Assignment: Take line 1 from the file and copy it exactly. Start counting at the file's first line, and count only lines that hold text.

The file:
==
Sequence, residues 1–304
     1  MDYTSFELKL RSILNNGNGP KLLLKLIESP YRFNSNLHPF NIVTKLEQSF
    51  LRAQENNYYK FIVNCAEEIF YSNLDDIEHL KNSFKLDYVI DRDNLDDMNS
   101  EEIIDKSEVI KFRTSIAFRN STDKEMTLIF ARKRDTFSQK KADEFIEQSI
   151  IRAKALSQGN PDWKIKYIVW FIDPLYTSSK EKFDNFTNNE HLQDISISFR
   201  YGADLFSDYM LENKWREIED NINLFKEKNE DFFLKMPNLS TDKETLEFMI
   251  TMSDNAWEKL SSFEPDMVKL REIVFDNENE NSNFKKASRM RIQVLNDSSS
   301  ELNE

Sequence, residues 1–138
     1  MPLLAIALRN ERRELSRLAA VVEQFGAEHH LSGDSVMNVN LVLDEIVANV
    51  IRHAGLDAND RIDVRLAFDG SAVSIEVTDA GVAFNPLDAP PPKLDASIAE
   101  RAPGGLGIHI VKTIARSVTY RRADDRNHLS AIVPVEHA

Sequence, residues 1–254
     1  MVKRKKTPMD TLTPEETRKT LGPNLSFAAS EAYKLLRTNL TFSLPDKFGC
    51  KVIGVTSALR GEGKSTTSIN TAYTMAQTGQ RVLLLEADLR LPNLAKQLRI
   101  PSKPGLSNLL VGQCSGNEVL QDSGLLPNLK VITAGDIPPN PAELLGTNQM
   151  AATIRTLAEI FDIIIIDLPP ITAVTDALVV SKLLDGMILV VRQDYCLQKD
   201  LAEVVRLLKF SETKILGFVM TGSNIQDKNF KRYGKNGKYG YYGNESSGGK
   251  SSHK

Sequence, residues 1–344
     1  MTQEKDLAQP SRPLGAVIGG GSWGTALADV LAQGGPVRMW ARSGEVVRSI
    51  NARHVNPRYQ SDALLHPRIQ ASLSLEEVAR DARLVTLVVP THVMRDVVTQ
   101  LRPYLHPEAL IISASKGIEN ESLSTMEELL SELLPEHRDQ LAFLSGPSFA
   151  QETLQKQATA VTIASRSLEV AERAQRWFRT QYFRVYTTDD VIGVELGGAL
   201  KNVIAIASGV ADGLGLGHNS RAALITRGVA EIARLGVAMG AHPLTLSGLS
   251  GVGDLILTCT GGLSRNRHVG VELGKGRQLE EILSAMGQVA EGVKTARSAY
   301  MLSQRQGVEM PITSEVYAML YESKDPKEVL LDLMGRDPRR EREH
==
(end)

Sequence, residues 1–304